As a minimalist, it is only natural that I be more interested in Giving Tuesday than in Black Friday or Cyber Monday. But I am only human, so when there is something that I do want/need to purchase I like to save a buck like every other person -and thus keep track of deals and offers just in case.
Although the three aforementioned dates are native to the U.S., they have found their way to (most of) the rest of the Western world, and have thus become global phenomena -keeping the English nomenclature, even if poorly understood in non-English speaking countries.
Probably, though, the most popular of the three is (still) Black Friday, the busiest shopping day of the year in the United States for many years -and for many reasons:
- as the first day after the last major holiday before Christmas, it marks the unofficial beginning of the Christmas shopping season
- many employers give their employees the day off as part of the Thanksgiving holiday weekend
- most retailers extend beyond normal hours (opening as early as 12:00am or remaining open overnight on Thanksgiving Day) in order to maintain an edge or to simply keep up with the competition
In fact, some stores are opening so early in the evening of Thanksgiving Day that some people began to call it -even if in jest- Black Thursday. What is funny though, is that decisions such as that did not benefit Black Friday at all: more to the contrary, it created a certain amount of backlash, which in part explains the diminishing popularity of this once huge commercial event.
That and the unstoppable growth of e-tailers and e-commerce (expected to grow 56% from 2015-2020, while traditional markets are only expected 2% growth during the same time), which allows customers to overcome geographical barriers and to purchase products anytime and from anywhere. The sales figures for 2017 (U.S.) leave little margin for doubt:
- a record $5.03 billion was spent online on Black Friday, an increase of 16.9 percent over last year and a new record for the day (but note that a good deal of that shopping took place on the websites of physical retailers)
- a record $6.59 billion was spent online on Cyber Monday, an increase of 16.8 percent over 2016, making it the largest online shopping day in history and nearly a billion dollars more than last year at $5.6 billion
That trend is especially made clear by the growth of purchases that occur from a couch or dining room table, siphoning sales from Black Friday. Yes, I am referring to the shopping done using smartphones and/or tablets -which this year already accounted for 36.9 percent of all online sales: on Cyber Monday, mobile commerce set a new record, with its first $2 billion day, a 39.2 percent growth over 2016.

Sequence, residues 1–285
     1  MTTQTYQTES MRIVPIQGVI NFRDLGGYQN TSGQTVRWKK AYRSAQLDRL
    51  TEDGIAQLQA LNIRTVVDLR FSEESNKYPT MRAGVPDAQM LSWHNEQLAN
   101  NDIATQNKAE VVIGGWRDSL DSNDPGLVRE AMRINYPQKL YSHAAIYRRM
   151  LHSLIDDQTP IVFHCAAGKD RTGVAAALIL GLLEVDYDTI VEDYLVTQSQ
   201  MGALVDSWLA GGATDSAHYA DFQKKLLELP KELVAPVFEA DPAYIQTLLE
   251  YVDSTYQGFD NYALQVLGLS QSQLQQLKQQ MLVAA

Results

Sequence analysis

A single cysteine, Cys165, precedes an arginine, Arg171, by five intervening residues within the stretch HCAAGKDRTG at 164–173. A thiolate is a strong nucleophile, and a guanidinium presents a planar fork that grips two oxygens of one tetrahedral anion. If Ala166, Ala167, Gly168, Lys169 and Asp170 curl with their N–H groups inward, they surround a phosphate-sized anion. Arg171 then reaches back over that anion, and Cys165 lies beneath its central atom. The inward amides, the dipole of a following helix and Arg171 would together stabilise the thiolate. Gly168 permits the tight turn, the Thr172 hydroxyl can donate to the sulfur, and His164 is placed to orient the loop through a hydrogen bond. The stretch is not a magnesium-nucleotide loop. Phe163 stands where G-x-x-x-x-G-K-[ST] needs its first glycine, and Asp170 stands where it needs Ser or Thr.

Billions and billions of dollars, astronomical amounts and staggering growth, and yet… take a look at this chart:
See that huge green bar? Yes, that bar is way bigger than the other two (Black Friday and Cyber Monday) combined. That green bar represents sales for China’s Alibaba corporation, a digital powerhouse that made $25.3 billion in sales this year on a single day, November 11.
Amazing, considering that the Chinese Singles’ Day started only in 2009 as a “quirky” anti-Valentines Day shopping event. Huge growth and a quick expansion to many other countries -where merchants seem avid to find an excuse (any excuse, for that matter) to push their merchandise and reduce stocks.
But what I find most amazing is the even bigger growth of e-commerce on mobile devices that day: in 2013, only 21% of Singles’ Day sales came from mobile devices. But that percentage point grew quickly; 42.60% in 2014, 68% in 2015, 82% in 2016, and 90% in 2017. Impressive.
A growth that -no doubt- represents a clear indication of the direction shopping is moving towards. And China is setting the pace, even though only about half their population are connected to the internet (95% of them from their phones). Now, just imagine the future of shopping when the other half also go online. Brick-and-mortar retailers can start trembling. I would.